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Risk factors and outcomes for community-acquired cellulitis caused by gram-negative bacilli



Risk factors and outcomes for community-acquired cellulitis caused by gram-negative bacilli



Abstracts of the Interscience Conference on Antimicrobial Agents & Chemotherapy 42: 365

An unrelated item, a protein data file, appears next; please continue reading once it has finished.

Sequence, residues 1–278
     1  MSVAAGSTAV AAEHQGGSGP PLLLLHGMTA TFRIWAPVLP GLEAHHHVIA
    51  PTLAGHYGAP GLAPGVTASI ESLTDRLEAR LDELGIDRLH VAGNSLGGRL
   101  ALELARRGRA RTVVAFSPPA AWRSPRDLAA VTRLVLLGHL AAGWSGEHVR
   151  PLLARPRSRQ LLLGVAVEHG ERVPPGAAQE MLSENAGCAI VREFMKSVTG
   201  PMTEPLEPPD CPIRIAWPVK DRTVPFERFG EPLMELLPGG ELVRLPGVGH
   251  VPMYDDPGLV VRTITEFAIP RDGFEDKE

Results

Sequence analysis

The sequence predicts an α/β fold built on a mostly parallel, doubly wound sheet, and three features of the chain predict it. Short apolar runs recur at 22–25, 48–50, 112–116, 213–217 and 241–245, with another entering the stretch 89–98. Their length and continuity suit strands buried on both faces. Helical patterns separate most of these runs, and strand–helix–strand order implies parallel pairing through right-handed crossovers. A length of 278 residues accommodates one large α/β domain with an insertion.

Background: Few data are available regarding cellulitis caused by gram-negative bacilli (GNB). The aims of our study were to assess risk factors and outcomes for this infection. Methods: Review of medical records of all adult pts hospitalized for community-acquired cellulitis (Jan-95 to Dec-01). Cases complicating diabetic foot, orbital cellulitis, and drug addicts were excluded. Pts with GNB cellulitis were compared with pts with cellulitis due to gram-positive organisms. Results: There were 374 cases (197 female); mean age of 60 y. The infection was microbiologically documented in 140 cases (bacteremia 51, needle aspiration 76, surgical sample 32). The most frequently isolated pathogens were Staphylococcus aureus 47, Streptococcus pyogenes 24, Pseudomonas aeruginosa 16, and Escherichia coli 9. Overall, GNB were identified in 44 of 374 cases (12%) and gram-positive organisms in 86 cases. When comparing these groups, pts with GNB celulitis were older (63 vs 56 y) and had more frequently (p<.05) comorbidities (77% vs 52%), particularly hepatic cirrhosis (23% vs 9%) and congestive heart failure (23% vs 9%). Multivariate analysis identified age >than 60 y (OR 2.52) and hepatic cirrhosis (OR 1.96) as independent risk factors. Pts with GNB cellulitis had more frequently shock at presentation (21% vs 6%, p<.05) and received more often an inappropriate empirical antibiotic therapy (36% vs 5%; p<.01), mainly due to the lack of coverage against P. aeruginosa. Fourteen pts with GNB cellulitis required surgical debridement and 2 plastic surgery. Mortality (<30 d) in pts with GNB cellulitis was higher than that in pts with cellulitis due to gram-positive organisms (20% vs 7%; p=.023). Conclusions: GNB cellulitis occurs mainly in old pts with comorbidities, especially hepatic cirrhosis. It presents frequently with shock and causes high mortality. Empirical therapy of pts with cellulitis and shock should incorporate agents active against GNB, including P. aeruginosa.

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